A Courageous Parent: One Man's Transformational Experience | Teaching Self-Government

A Courageous Parent: One Man's Transformational Experience

At a recent parenting workshop I spoke at I was deeply touched at the transformation of one man. Jed Norwood, a devoted father, said, “That was real courage.” This was his statement after he saw me and my fifteen year old daughter demonstrate how the Rule of Three works.

In our role play, Paije was angry. She shouted, ignored, tried to distract me, made excuses, manipulated, and finally walked away. She tried to be as close to a real teenage tantrum as she could perform. She really is a little actress.

The whole time Paije raged and manipulated I stayed calm. I said the words of the Rule of Three. No matter what she said I kept going with the rule of three. I wasn't going to allow her to control my emotions or my behaviors by sucking me into her pretend power struggle.

Pretend power struggles can carry all the real emotions of real power struggles. The room was feeling the negative energy and they were getting uncomfortable watching Paije. Jed said, “I had to keep myself in control. I felt like smacking her even though she wasn't my child.” (not that he would)

I suppose this tells you how believable of an actress Paije is, and how she would probably regularly behave if she didn't know how to govern herself. She is a really strong willed girl. She just chooses to use that strong will to control herself instead of to try to manipulate others.

After Jed said, “That was real courage.” he said, “I have been studying humility for a long time and trying to incorporate it into my life, but I have had a hard time because it seemed like courage had to look strong [and aggressive.] But what you just did when Paije was yelling and out of control was real courage. That is what courage looks like. It looks like humility, and it isn't weak. You were really strong and calm.”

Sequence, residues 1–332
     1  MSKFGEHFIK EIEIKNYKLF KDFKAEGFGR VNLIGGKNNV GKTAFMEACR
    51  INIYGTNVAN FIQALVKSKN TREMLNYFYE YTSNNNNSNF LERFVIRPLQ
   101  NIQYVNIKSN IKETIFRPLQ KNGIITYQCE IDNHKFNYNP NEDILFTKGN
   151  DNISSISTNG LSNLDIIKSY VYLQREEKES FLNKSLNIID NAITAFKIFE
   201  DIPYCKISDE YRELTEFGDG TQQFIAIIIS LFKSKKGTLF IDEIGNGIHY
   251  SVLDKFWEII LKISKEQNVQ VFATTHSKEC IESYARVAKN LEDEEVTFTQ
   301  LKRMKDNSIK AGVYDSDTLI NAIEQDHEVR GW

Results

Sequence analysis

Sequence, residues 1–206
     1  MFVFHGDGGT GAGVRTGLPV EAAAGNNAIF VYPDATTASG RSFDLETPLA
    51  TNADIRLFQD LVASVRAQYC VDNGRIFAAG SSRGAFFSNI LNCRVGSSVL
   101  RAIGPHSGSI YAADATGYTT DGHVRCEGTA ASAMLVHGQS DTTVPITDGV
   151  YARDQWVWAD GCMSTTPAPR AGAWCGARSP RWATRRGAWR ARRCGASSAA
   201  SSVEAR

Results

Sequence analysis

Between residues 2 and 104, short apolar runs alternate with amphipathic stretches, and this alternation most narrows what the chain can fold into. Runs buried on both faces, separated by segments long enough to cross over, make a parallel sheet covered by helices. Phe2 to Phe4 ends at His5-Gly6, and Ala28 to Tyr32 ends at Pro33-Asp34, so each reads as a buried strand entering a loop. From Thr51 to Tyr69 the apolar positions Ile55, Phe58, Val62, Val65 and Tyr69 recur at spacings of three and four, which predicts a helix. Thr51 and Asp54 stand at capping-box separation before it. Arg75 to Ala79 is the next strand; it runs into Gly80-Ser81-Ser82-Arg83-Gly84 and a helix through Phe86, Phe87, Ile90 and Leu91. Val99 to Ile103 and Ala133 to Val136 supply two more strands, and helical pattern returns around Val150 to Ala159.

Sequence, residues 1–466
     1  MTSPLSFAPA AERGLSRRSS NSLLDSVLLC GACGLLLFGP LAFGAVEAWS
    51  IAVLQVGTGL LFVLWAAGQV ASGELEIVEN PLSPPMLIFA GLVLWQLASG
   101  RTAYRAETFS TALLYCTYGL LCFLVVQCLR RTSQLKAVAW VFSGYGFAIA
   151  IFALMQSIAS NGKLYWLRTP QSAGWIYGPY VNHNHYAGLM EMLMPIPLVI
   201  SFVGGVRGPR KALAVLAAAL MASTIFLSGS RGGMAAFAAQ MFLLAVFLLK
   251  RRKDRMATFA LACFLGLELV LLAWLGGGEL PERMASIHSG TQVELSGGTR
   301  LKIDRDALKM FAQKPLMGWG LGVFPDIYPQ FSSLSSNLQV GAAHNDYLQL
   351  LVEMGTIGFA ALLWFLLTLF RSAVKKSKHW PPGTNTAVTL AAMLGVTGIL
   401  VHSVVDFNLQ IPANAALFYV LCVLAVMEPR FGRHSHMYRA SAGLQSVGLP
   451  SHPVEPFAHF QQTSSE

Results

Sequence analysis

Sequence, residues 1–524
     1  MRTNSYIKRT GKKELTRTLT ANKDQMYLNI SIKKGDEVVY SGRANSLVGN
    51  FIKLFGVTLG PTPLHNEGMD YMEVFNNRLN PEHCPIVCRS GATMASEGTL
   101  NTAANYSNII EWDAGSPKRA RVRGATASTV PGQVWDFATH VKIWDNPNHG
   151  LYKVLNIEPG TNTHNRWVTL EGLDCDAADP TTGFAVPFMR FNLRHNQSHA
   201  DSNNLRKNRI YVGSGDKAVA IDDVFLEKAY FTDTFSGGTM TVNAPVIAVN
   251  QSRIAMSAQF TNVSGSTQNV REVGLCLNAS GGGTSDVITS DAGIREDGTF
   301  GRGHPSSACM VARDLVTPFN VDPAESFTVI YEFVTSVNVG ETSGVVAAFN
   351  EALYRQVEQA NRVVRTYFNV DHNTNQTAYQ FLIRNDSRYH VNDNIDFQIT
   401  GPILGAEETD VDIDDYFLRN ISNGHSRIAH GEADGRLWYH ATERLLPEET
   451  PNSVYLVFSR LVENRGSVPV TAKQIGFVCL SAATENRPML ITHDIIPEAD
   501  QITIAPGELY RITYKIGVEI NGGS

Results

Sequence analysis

Jed was able to see how a person can be courageous and humble at the same time. I call that skill being assertive. I absolutely love the way Jed described assertiveness. So inspiring.

After Jed's amazing comment, someone asked how I stay calm and don't engage or talk back to Paije when she is being so aggressive. This is what I do: I think about the words I have to say so that I don't take the manipulations she is using personally, I listen to my own voice tone, and most importantly I think about how my own heart feels. I focus on reaching with my heart to her and on keeping my heart calm. That calmness is really hard to escalate against. It is a power to touch another heart and to keep my heart safe when someone else is out of control.

It really is the little moments in our lives that form us into the powerful people we are meant to become. This little moment was a big moment for Jed and for me. Jed saw himself in a new way. He saw the way to overcome the problem he was trying to fix. He saw the man he could become. He also saw the way to implement the humility and courage principles he knew were important into his daily living and interactions.

When a person has a vision they are transformed into a new person. They gain permission to behave and connect to people in different ways. I am so excited for Jed's future. His epiphany also strengthened me. Thank you Jed for adding new vocabulary to describe assertiveness.

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